Interim DeKalb CEO under FBI investigation

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DEKALB COUNTY, Ga. - Channel 2 Action News has confirmed the FBI is now investigating DeKalb County CEO Lee May for work done at his house that was paid for by taxpayers.

A Channel 2 Action News - Atlanta Journal Constitution investigation found May did not follow the county process after raw sewage backed up into his home four years ago when he was a commissioner.

"I didn't ask for any special treatment, nor was I aware that I received any special treatment. If I did, that's not something that's acceptable to me," May told Channel 2 investigative reporter Jodie Fleischer.

May went back and reviewed the process after Fleischer started asking questions and requesting records, and realized he was not treated the same way other county sewage mishap victims were treated.

"It was bad, it was bad," recounted May, "It was literally raw sewage coming up through the toilet."

May says he made several calls for help and county workers responded to stop the initial emergency back in December 2010. But the raw sewage that spilled into his home destroyed floors, drywall and baseboards in his garage, den and a bathroom.

"A firm came out by the name of Water Removal Services. I knew an individual connected to that," acknowledged May.

That individual was a man named Doug Cotter. At the time, Cotter was working for Water Removal Services, which was then-owned by John Meyer.

"[Cotter] was asking, 'This is a friend of mine. Would you mind helping him out?' Meyer told Fleischer, "So that's how this transpired, we never knew who Lee May was until recently."

Meyer's company sent out workers to make the repairs.

"At the time, I thought [May] was paying for it, so I thought we were supposed to just go out there and take care of it for what it cost our company," said Meyer, "It was about $2,500 I believe."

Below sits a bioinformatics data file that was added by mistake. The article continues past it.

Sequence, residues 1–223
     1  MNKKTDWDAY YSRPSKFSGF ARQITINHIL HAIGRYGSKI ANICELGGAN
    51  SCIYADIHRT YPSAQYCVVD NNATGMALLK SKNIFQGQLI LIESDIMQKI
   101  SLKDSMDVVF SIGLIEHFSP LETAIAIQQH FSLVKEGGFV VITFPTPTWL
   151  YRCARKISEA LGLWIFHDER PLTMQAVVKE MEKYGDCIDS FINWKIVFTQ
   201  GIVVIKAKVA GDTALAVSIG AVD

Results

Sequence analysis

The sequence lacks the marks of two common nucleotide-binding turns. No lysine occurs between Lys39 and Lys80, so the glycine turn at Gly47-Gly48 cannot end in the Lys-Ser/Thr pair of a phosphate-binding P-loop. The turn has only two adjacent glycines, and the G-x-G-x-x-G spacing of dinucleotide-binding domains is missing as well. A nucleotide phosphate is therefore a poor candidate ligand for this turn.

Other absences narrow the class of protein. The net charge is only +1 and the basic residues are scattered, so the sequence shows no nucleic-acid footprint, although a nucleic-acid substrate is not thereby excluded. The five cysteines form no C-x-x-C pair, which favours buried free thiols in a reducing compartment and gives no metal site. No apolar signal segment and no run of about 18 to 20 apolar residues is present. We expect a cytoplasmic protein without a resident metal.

But six months later, Meyer still hadn't been paid. So his company emailed an invoice directly to DeKalb County purchasing director Kelvin Walton.

Fleischer asked Meyer who normally directs his company where to send a bill.

"Well, the person who owns the property," replied Meyer.

Records show within half an hour, May's invoice was approved and a check was cut the very next day for $6,495.

"We were paid in full for the services we done," said Meyer, "Even though we had a previous agreement, I thought maybe it changed and the county might have paid for it, I don't know, it was very odd."

Even more odd, DeKalb County does not pay repair companies directly, instead requiring homeowners to pay for the repairs and the county pays the homeowner.

The reimbursements are usually only 60 to 70 percent of the total cost. 

"As a public official, I would have been nervous to receive a county-drawn check directly to me for $6,400," said May.

Repair claims are usually only processed after the homeowner provides at least two estimates. The county has no record of any estimates in May's case.

"There were things done in the past that was loosey-goosey at best. Looking back now, I do understand that it was a different treatment than others had been given," said May.

It's FBI policy not to confirm or deny the existence of an ongoing investigation. However, several of the people Fleischer questioned said the FBI has questioned them as well.

The Money Trail

Channel 2 Action News has learned the work at May's home is just the beginning of an even bigger scandal.

Cotter, May's friend, who arranged the cleanup, went on to get hundreds of thousands of dollars in DeKalb County work.

When the former owner of Water Removal Services checked his old files, he found a $4,000 check made out to May, personally.

"Absolutely, I plan on having a conversation to figure out what the hell was that that was done, excuse my French. For someone to benefit off my name, that's inappropriate that's illegal, and they need to be dealt with," said May.